GEOCACHING: FOX 47 learns how to geocache

ROCHESTER, Minn. (FOX 47) — Geocaching is a world-wide treasure hunt. Rick Ward lives in Rochester and is an avid geocacher. He took FOX 47 on a geocaching hunt.

"Geocaching I would describe as a world wide treasure hunt, where the treasure is really getting out and enjoying your surroundings," he said. 

Rick has been geocaching for 15 years. He typically geocaches with his wife in his free time. He says its a wonderful way to enjoy the outdoors.

"I was anti-exercise so it was even a great way to trick myself into finding things, doing things," he said.

Geocaching involves the hunt for a treasure,also known as the geocache or just cache.The caches are usually small trinkets that are hidden around the world.

"It can be magnetic," he said. "It can be sticking on something. It could be in a tree. It could be in a rock, or even a fake rock. Part of the challenge is figuring out where you're going and then finding you're looking for."

Rick has even found some geocaches in Hawaii, Canada, Belize and Mexico. Sometimes they are just log books where you sign your name to record you've been there.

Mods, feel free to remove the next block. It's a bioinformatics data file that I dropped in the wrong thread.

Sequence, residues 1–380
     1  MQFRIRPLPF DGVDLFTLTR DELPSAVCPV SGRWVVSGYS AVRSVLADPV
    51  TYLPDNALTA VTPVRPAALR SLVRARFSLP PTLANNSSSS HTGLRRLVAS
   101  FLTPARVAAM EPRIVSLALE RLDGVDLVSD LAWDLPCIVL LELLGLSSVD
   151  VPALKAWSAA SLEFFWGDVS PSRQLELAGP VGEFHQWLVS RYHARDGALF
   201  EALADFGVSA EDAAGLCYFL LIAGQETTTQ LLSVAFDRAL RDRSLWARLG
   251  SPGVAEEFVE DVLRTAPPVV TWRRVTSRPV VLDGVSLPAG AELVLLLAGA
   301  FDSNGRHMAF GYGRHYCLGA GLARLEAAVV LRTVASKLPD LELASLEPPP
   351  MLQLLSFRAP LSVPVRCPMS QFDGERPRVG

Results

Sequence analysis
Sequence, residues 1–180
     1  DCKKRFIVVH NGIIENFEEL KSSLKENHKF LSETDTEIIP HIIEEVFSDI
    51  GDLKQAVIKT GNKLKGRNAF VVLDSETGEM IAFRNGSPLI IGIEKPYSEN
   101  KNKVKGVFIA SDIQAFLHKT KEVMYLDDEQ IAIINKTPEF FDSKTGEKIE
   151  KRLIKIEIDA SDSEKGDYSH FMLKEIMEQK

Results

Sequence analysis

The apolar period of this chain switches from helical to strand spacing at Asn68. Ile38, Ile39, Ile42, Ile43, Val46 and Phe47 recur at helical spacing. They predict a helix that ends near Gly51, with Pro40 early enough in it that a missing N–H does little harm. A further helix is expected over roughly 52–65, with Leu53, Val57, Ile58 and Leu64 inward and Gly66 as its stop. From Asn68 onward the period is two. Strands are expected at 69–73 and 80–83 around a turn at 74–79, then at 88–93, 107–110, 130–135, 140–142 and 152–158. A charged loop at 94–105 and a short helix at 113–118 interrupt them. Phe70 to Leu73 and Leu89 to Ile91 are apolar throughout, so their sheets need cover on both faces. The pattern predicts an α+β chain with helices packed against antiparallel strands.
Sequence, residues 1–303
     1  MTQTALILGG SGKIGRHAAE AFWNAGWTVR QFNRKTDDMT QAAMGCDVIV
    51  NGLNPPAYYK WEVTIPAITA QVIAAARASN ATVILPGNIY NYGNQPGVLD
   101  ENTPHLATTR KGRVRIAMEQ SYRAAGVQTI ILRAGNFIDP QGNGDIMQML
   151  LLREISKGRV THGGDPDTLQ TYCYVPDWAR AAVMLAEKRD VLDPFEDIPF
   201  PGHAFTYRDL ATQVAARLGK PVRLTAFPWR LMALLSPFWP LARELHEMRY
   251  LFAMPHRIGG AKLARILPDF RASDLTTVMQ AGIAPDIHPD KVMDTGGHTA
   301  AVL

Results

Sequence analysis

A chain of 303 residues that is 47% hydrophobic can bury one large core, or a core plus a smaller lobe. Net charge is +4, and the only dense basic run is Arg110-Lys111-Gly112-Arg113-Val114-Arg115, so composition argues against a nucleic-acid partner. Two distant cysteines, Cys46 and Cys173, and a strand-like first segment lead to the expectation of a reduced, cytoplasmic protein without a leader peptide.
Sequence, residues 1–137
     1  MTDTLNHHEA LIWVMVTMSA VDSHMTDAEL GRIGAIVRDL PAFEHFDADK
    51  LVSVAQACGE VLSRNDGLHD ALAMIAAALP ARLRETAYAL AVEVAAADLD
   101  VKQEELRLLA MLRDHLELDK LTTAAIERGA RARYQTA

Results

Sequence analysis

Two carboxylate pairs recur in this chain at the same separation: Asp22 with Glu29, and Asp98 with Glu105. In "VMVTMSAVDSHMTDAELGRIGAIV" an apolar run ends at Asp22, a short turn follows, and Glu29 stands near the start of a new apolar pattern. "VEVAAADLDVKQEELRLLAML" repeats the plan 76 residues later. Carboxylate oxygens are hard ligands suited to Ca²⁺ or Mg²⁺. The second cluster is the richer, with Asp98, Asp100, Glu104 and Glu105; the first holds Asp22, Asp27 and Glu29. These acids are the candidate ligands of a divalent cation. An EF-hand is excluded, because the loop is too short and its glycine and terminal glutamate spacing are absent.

The caches are logged online through geocaching websites and apps that are linked to GPS.

"Sometimes its right under your nose and you have no idea which is frustrating, and part of the fun," Rick said.

The app provides the information you need to know to find the cache, and allows you to interact with other geocachers. Rick says finding treasure isn't what geocaching is about.

"You just go see things that you normally wouldn't, even though you've been here a long time," he said.

When you are successful and find the cache, Rick says its worth celebrating.

"If they're challenging and you find them its fun its a good feeling," he said. "There's a feeling of accomplishment."

Like any hobby, geocaching has some rules. If you take something you are supposed to replace it. 

Rick says geocaching is extremely family-friendly.

"It's a wonderful family activity even if you have toddlers," he said. "Just to get them out of the house, get a little exercise. Even if you yourself want to get out and do things, but you don't know what to do. It's a great place to start. Get out and see a little bit of your neighborhood."

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